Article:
Participants were drawn from a sample of 200 adolescent girls (50%) and boys involved in an ongoing longitudinal study of interpersonal relationship influences on adolescent psychosocial adjustment and psychopathology. The sample was originally recruited when adolescents were in the 10th grade from a diverse range of neighborhoods and schools in a large Western metropolitan area. Participants were selected such that the sample was representative of the ethnic distribution of the United States; thus, the sample consisted of 11.5% African Americans, 12.5% Hispanics, 1.5% Native Americans, 1% Asian American, 4% biracial, and 69.5% White, non-Hispanics as assessed by participants’ self-report. The sample was of average intelligence (WISC-III Vocabulary Standard Score M = 9.80, SD = 2.44) and Asian Americans comparable to national norms on multiple measures of substance use, internalizing and externalizing symptomatology (Furman, Low, & Ho, 2009). Approximately 55% of participants’ mothers reported that they had a college degree, as would be expected from an ethnically representative sample from this particular Metropolitan area.

The present paper used two time points of data spaced 12 months apart. At the first time point used in the present study, 99 adolescent boys and 100 adolescent girls participated; almost all were in the 12th grade at that time. Age was calculated on the basis of their date of birth and date of appointment. Subjects ranged in age from 16 to 19 years (M = 18 years, 0 months, SD = .51). Only 1 of the original study participants (N = 200) did not complete this assessment wave. Time 2 of the present project took place 12 months after Time 1. At Time 2, 4 of the original study participants did not participate, leaving a sample of 196 adolescents (98 boys, 98 girls).

Mothers and a close friend nominated by the focal adolescent were also asked to participate in the ongoing study at each time point. One-hundred seventy-four mothers participated at Time 1. One-hundred sixty-eight mothers participated at Time 2. Additionally, 159 close friends participated in the study at Time 1, and 141 friends participated in the study at Time 2. Close friends’ self-identified racial/ethnic backgrounds were similar to those of the focal adolescents. We examined differences between participants who had a mother or friend participate and those who did not on 18 demographic and key study variables and found only two differences. Ethnic minority status was associated with greater odds of not having a friend participate in the study.

2.2 Procedure

Letters and brochures describing the project were sent to a broad sample of families with adolescents residing in various zip codes and to lists of students enrolled in various high schools. The study was advertised as one investigating teens and their relationships; no specific selection criteria existed regarding psychological symptomatology such as eating disorders. To ensure maximal response, families were paid $25 to hear a staff member describe the project to them in their home. Adolescents who were interested in the project were scheduled for lab visits. Of the families that heard the description, 85.5% expressed interest and carried through with the study. At Time 2, 50.5% of participants reported that they were not residing at home; these youth had transitioned from home to start a job, attend college or vocational school. If participants were unable to come to the lab for their Time 2 visit, our staff traveled to collect their data. Adolescents and their mothers and friends were financially compensated for participating in the study. The confidentiality of participants’ data was protected by a Certificate of Confidentiality issued by the U. S. Department of Health and Human Services.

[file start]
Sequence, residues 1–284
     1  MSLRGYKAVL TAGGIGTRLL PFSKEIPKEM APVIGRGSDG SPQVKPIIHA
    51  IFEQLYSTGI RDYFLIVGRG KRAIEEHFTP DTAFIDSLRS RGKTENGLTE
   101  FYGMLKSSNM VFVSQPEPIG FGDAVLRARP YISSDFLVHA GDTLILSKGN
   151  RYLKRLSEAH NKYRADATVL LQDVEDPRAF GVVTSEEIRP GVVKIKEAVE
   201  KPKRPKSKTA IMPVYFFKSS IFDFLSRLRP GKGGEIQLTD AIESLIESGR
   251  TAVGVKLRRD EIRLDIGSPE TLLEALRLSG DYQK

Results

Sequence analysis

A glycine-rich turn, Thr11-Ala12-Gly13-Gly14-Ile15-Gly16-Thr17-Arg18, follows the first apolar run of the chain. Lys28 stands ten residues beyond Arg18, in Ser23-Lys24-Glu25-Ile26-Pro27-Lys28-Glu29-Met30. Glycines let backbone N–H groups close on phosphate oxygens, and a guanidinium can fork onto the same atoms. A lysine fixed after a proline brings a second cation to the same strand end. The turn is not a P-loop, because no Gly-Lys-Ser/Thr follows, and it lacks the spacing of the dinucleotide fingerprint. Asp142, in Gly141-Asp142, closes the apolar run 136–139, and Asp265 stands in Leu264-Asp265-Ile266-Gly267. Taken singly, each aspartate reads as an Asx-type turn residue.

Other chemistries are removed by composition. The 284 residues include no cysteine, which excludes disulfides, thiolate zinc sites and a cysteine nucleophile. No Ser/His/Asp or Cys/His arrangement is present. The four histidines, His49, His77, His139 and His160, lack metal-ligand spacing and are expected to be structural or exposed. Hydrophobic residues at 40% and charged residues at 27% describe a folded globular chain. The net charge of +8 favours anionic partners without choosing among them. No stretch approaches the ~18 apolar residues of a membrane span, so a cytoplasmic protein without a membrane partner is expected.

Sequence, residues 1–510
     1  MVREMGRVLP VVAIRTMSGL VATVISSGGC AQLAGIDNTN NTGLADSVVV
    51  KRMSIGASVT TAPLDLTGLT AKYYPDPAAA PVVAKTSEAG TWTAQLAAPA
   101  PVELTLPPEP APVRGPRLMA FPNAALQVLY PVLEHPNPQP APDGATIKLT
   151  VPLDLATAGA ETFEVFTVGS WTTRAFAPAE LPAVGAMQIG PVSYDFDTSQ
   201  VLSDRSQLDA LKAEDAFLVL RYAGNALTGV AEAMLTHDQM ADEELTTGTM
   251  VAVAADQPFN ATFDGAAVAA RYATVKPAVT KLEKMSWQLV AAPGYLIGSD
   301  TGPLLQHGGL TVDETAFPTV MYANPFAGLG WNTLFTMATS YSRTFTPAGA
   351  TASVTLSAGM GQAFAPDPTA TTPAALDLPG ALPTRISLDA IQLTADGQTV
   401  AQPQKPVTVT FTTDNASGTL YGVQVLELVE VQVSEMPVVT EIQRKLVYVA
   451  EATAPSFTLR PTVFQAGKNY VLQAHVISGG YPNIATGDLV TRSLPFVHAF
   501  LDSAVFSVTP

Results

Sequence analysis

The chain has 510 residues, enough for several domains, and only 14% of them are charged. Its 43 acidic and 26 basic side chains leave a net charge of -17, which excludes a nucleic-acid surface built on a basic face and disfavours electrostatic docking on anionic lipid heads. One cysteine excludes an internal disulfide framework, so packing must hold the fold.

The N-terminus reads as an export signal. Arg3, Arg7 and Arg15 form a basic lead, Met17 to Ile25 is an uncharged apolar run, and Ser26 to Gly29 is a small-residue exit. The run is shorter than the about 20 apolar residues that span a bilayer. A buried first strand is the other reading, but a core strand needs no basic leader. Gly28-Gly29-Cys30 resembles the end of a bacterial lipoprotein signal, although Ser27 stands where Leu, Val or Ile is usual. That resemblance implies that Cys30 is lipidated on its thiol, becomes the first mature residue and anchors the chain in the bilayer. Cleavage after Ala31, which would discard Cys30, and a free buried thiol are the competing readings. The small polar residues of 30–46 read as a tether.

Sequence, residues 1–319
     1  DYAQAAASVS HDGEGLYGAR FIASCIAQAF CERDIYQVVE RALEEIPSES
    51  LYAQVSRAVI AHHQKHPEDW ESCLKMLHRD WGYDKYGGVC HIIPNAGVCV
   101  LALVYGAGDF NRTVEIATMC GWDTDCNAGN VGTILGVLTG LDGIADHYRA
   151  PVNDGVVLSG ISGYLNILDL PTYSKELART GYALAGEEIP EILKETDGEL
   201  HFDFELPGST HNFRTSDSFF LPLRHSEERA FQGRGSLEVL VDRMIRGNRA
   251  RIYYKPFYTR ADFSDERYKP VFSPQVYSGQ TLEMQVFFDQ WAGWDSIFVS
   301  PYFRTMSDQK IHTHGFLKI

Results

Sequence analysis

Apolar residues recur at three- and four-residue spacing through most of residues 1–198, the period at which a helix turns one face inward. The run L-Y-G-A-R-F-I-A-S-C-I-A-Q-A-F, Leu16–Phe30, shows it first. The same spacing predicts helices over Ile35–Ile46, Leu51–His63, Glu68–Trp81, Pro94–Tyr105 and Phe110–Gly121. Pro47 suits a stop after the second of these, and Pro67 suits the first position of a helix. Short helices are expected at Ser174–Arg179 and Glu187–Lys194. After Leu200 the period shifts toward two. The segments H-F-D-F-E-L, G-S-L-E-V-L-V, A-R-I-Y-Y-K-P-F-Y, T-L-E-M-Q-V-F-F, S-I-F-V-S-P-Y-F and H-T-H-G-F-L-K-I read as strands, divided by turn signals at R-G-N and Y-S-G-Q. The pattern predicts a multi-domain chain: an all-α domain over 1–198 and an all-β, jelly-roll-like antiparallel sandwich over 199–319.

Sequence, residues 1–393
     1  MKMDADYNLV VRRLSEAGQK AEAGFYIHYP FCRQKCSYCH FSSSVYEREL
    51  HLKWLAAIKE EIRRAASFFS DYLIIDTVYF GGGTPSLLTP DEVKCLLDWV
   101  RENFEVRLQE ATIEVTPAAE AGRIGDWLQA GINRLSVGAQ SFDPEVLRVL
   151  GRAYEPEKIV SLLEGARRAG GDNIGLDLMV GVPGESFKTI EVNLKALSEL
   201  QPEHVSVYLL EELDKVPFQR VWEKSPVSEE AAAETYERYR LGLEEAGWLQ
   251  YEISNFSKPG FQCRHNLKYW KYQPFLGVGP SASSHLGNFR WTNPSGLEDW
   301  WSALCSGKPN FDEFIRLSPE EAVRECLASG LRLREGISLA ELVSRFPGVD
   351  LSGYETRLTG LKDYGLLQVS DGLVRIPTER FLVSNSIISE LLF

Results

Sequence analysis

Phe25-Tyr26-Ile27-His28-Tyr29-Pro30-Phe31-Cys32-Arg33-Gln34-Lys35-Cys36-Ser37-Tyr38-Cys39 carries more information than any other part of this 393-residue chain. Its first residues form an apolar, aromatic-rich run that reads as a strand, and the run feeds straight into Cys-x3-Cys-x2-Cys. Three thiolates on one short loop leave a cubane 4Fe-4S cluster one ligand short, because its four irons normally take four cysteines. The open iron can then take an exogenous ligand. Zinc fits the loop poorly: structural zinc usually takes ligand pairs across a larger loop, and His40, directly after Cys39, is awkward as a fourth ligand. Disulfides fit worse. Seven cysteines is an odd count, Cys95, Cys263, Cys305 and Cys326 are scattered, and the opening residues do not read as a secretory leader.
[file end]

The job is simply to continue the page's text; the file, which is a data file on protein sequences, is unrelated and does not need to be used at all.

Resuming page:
2.3 Measures


Adolescents reported their height and weight at each time point. Self-reports of these variables have been demonstrated to correlate highly with objective measurements (Elgar & Stewart, 2008; Goodman, Hinden, & Khandelwal, 2000). Height and weight were used to compute body mass index (BMI kg/m2). Mothers’ reports of adolescents’ pubertal timing were used to assess when participants had gone through puberty. Specifically, mothers were asked what grade her daughter experienced her first menstrual period, or what grade her son went through a growth spurt when he increased rapidly in height. Because BMI and puberty norms are different for girls and boys, these variables were standardized within gender.

Interpersonal pressure to be thin and criticism about appearance

At Time 1, adolescents completed the Pressure to be Physically Attractive Questionnaire (PPAQ; Shomaker & Furman, 2008). This measure was designed to assess multiple reports of pressure to be thin and criticism about physical appearance in specific, interpersonal relationships. The pressure to be thin scales tapped adolescents’ perceptions of how often their mother, close friend and romantic partner provided social reinforcement of thinness (3 items per relationship). A sample item was, “This person gives me compliments when I look like I've lost weight.” The criticism scales (4 items per relationship) assessed how often adolescents were criticized about their physical appearance by their mother, friend, and romantic partner. A sample item was, “This person criticizes aspects of my physical appearance.” Items were rated on a 5-point Likert scale and averaged to derive the following scales: mother pressure to be thin, friend pressure to be thin, romantic partner pressure to be thin, mother criticism, friend criticism, and romantic partner criticism. The questionnaire was piloted in a sample of 99 college undergraduates and its scales showed good internal reliability (αs > .75). In a separate, pilot sample of adolescents, the interpersonal pressure to be thin and criticism scales demonstrated good convergent validity with the Perceived Sociocultural Pressure Scale (Stice, Nemeroff, & Shaw, 1996), a measure of perceived pressure to be thin from family, peers, romantic partners, and the media (M r = .47).